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Indiana bill to let government seize assets from suspects of 'unlawful assembly' (reason.com)
19 points by justin66 13 days ago | hide | past | favorite | 6 comments





I guess a side benefit from the standpoint of the police/prosecutor's office is if you can initiate forfeiture proceedings at the start of the criminal proceedings you can remove the ability of the defendants to effectively defend themselves in the American system, throwing them back on the public defenders and the need to plea bargain.

Subtitle on the article: "Vague laws are typically vague for a reason." Like screwing with people for personal or ethnic reasons? I see ignorance on the part of law enforcement leading to this law being used against members of a 2600 meetup or group of hackers discussing things which, form a certain point of view, could be construed as unlawful rather than educational. A very slippery slope.

Then again, couldn't this law be used to arrest members of the Indiana legislature when they "assemble" with lobbyists to discuss how to circumvent the law to get things done? What does "unlawful" mean to you?


It may be aimed at rioters and protesters today, but it will, eventually, down the road, be used to seize assets of people at unapproved religious gatherings. It will be used to seize assets of "unapproved" study groups.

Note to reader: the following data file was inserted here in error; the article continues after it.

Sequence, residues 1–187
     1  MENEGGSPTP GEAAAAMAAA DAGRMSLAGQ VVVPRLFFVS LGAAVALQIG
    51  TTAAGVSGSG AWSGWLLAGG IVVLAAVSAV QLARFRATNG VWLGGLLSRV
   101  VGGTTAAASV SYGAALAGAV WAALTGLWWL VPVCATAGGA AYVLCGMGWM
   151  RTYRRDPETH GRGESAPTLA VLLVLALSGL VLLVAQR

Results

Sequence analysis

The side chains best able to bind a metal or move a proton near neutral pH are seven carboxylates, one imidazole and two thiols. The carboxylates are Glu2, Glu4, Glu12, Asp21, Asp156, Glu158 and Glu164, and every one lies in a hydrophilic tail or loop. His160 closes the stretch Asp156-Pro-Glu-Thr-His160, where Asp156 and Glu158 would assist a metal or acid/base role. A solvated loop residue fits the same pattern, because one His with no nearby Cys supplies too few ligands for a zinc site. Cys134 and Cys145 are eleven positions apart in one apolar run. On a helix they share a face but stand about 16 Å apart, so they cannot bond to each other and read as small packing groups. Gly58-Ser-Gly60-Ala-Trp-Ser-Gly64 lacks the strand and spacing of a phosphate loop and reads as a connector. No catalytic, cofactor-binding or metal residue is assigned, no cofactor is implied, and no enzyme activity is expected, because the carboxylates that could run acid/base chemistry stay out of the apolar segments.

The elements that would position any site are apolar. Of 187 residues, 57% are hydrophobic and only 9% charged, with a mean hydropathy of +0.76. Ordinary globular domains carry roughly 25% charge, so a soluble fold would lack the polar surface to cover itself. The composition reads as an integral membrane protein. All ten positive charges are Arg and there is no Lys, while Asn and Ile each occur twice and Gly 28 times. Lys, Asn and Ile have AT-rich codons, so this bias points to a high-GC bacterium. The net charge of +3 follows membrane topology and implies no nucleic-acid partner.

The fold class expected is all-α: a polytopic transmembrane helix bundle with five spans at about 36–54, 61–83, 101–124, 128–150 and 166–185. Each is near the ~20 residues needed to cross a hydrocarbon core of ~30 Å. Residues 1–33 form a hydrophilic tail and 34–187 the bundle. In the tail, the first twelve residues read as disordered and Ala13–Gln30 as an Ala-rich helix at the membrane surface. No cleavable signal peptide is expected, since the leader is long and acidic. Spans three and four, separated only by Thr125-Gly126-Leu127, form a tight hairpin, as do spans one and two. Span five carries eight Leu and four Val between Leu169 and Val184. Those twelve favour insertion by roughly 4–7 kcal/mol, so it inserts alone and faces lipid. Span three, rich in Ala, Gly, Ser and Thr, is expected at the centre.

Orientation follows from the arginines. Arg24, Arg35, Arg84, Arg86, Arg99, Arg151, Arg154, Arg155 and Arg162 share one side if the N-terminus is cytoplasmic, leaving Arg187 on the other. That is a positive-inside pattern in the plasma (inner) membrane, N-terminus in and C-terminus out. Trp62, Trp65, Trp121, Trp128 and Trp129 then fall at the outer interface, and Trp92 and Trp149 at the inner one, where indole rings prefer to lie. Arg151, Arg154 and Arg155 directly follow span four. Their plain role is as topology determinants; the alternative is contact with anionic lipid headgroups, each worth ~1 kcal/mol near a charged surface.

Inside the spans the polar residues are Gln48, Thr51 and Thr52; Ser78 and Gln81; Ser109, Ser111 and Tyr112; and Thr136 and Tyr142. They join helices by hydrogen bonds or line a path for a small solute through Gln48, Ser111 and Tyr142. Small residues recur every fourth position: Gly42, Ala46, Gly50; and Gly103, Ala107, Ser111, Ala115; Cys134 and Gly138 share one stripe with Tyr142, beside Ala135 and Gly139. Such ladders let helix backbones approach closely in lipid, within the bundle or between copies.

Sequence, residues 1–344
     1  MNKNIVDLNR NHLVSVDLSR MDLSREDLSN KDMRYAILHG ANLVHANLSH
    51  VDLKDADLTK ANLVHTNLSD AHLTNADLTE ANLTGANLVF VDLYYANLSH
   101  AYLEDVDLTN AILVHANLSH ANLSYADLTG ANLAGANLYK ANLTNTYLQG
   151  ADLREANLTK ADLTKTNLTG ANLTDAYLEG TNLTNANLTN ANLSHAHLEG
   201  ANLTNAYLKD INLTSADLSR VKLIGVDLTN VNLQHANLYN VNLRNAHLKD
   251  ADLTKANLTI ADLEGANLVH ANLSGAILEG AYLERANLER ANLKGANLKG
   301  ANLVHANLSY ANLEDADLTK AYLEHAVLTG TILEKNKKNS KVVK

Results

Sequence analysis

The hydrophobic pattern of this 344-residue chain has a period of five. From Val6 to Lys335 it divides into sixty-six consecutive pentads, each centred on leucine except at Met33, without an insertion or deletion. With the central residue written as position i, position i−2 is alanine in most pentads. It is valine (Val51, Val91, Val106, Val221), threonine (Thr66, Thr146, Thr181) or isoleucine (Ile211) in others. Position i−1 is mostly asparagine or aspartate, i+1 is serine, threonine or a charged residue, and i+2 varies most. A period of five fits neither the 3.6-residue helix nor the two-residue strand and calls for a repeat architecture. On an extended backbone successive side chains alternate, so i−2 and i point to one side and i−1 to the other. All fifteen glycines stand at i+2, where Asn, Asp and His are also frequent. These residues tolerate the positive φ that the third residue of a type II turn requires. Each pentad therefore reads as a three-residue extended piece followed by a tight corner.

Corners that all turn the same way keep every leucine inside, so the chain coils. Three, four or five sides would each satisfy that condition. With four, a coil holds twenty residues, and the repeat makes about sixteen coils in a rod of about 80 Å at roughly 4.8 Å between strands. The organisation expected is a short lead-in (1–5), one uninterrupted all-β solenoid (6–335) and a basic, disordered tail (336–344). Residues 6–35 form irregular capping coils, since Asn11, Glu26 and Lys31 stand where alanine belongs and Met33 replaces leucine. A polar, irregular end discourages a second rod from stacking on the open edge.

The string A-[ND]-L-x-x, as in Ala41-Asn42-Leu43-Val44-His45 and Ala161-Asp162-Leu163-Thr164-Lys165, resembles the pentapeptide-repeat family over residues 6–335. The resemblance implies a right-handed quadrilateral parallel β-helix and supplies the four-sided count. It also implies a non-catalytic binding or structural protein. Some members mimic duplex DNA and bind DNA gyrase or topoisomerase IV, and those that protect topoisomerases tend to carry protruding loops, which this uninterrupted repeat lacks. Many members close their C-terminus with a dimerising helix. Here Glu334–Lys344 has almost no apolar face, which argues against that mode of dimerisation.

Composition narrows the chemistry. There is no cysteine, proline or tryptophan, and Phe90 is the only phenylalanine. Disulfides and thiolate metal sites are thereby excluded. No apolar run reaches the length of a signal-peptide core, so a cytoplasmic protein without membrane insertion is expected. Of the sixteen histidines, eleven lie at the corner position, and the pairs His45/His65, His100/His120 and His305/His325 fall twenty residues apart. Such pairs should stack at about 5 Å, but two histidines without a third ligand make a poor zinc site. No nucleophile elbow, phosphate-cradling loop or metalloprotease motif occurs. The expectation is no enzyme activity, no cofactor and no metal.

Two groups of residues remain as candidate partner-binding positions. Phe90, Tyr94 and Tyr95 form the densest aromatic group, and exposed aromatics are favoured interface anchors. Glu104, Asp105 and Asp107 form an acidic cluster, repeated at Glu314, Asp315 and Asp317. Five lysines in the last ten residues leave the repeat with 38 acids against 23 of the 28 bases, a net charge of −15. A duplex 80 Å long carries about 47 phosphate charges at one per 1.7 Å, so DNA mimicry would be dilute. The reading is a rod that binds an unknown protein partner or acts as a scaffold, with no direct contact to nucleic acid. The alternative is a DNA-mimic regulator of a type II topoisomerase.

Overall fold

This is the kind of government we don't want.

Rioting isn't OK, creating this kind of government power in response is worse.


> It may be aimed at rioters and protesters today

It’s aimed at people who happen to be near a disturbance.

Just keep in mind, with civil asset forfeiture, they don’t have to prove you did something before they take your stuff. Due process comes after they’ve taken your property, and since it’s a civil proceeding, you get to pay for a lawyer if you want your stuff back. Police know that a lot of people won’t have that option, or will find that it’s not worth the expense.


Disgusting. We need to reign in asset forfeiture, not expand it.

The kneejerk reaction would be pointing out how the US Constitution guarantees a right to peaceful assembly.



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